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Nanoparticulate Coatings Enhance Ion Detection

Award Information
Agency: Department of Health and Human Services
Branch: National Institutes of Health
Contract: 2R44GM106507-02A1
Agency Tracking Number: R44GM106507
Amount: $1,599,090.00
Phase: Phase II
Program: SBIR
Solicitation Topic Code: 400
Solicitation Number: PA20-260
Solicitation Year: 2020
Award Year: 2021
Award Start Date (Proposal Award Date): 2021-09-09
Award End Date (Contract End Date): 2023-08-31
Small Business Information
3401 Louisiana St., Suite 355
Houston, TX 77002-9551
United States
DUNS: 154074553
HUBZone Owned: No
Woman Owned: No
Socially and Economically Disadvantaged: No
Principal Investigator
 (713) 522-9880
Business Contact
Phone: (832) 758-1834
Research Institution

Project Summary
A new thin film deposition technique for increasing the gain and sensitivity of existing
microchannel ion detectors was proven in a previously completed NIH phase I. An increased
Secondary Electron (SE) yield from these films was found to improve with ion doses of helium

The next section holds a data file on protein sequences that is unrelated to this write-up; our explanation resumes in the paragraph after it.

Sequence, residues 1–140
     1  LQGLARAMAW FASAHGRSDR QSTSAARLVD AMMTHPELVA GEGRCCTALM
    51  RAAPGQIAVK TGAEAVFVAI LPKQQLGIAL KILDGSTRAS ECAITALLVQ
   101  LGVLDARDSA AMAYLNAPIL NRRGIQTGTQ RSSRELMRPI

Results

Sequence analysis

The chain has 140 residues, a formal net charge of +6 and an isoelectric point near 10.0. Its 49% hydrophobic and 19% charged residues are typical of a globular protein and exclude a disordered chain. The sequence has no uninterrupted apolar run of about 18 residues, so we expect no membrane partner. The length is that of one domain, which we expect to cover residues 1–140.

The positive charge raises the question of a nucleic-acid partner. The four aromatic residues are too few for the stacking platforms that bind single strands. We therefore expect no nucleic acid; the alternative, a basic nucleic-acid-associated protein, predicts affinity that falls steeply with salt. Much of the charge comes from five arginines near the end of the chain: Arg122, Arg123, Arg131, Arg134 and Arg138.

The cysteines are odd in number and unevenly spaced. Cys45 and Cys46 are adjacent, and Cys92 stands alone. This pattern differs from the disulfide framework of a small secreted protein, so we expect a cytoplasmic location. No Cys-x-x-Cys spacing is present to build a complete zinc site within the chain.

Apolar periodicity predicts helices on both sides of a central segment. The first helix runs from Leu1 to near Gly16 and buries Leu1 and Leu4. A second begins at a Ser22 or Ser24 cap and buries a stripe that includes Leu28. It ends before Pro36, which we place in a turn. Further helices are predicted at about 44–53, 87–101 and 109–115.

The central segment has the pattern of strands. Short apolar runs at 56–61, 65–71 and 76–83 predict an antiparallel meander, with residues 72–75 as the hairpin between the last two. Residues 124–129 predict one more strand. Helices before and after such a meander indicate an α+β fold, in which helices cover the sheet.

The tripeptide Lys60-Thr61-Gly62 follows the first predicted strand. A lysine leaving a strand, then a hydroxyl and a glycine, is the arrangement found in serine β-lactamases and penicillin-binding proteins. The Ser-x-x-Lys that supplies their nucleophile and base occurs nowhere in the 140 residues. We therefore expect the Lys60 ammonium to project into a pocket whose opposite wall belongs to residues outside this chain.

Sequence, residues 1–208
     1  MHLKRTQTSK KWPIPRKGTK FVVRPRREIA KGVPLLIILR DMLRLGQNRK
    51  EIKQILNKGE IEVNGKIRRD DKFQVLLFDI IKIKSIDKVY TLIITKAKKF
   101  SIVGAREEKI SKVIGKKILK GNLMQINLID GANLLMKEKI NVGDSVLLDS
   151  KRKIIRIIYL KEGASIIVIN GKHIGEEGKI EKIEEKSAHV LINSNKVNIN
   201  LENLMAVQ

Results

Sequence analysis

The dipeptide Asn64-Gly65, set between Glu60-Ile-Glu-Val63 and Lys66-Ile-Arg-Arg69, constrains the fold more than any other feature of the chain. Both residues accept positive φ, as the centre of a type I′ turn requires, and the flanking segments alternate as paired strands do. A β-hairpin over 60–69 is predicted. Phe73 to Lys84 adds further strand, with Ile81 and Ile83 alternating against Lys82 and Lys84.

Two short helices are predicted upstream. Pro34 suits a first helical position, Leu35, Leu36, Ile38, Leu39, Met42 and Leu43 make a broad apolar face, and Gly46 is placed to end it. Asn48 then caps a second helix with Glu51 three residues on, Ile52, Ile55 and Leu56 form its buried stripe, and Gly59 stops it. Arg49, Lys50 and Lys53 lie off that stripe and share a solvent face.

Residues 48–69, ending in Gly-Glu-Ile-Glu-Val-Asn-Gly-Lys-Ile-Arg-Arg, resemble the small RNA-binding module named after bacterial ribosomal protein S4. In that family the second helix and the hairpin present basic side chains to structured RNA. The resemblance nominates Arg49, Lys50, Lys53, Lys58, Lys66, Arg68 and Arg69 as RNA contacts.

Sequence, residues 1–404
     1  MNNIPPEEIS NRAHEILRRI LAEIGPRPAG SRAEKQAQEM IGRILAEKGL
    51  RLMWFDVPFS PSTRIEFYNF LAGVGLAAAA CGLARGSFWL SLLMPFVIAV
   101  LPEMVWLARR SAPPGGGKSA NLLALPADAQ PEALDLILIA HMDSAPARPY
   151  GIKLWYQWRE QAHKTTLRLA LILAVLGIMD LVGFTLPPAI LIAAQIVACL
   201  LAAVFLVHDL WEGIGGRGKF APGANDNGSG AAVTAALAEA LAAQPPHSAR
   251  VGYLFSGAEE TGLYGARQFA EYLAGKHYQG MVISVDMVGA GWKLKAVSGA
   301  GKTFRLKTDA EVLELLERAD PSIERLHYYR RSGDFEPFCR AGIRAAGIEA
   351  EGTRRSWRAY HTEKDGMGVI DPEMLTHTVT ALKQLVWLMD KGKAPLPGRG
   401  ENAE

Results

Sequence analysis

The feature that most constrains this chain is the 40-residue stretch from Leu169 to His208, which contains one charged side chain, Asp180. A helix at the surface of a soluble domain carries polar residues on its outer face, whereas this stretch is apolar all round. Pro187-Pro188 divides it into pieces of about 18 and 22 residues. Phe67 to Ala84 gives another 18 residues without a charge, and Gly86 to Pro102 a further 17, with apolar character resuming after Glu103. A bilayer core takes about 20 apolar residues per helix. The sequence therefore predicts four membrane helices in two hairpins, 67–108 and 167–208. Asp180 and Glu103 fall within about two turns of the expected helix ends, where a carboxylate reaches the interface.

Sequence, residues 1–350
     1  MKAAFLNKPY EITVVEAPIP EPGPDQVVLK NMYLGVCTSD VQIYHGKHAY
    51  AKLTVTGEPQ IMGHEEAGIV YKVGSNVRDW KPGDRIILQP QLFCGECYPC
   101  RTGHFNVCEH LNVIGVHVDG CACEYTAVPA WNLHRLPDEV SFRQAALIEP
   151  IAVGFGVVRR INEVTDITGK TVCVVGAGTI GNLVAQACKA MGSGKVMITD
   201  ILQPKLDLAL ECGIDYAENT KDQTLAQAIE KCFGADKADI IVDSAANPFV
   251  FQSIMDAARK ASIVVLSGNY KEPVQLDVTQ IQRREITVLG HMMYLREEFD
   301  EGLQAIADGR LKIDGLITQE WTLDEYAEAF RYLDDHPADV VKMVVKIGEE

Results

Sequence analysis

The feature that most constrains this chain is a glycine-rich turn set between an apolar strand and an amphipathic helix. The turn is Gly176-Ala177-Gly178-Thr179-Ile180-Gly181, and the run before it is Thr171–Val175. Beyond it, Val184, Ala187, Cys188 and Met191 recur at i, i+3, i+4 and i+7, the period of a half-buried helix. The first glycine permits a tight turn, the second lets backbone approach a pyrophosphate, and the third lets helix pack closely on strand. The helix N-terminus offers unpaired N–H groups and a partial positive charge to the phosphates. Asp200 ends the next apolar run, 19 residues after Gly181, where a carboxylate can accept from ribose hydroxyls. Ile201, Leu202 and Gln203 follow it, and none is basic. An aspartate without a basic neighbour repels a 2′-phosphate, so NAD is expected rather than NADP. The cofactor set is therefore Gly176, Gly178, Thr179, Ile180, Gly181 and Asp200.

up to rt 100 Coulombs/cm2 while the electron yield from the uncoated detector first surface
decreased after 1 Coulombs/cm2. A NIH Phase II will use these films to vary elemental
composition and morphology of the first surface to increase the first hit SE yield and to prolong
the deposited layer lifetime. Detector testing will proceed with in-house ion and electron
Methods for putting these thin film coatings onto the sidewalls of the MCP (in addition to
covering the front detector surface) should increase the detector gain and substantially prolong
the detector lifetime of commercially available MCPs.
We will emphasize use of the Zeiss Orion helium ion microscope at Rutgers to perform
accelerated lifetime testing of the MCP pulse height, gain and first surface secondary electron
yield from individual pores. Elemental composition change in the first hit area of the
microchannel pore will also be determined by Nanoscale Rutherford backscattering within the
Orion and will be correlated with the lifetime and yield measurement. The combination of the
Zeiss Orion configured with the Ionwerks NanoRBS spectrometer should prove to be a crucial
tool in detector physics. In addition the overall performance of the NanoRBS will improve when
this spectrometer is retrofitted with newly enhanced MCPs from this phase II effort.

* Information listed above is at the time of submission. *

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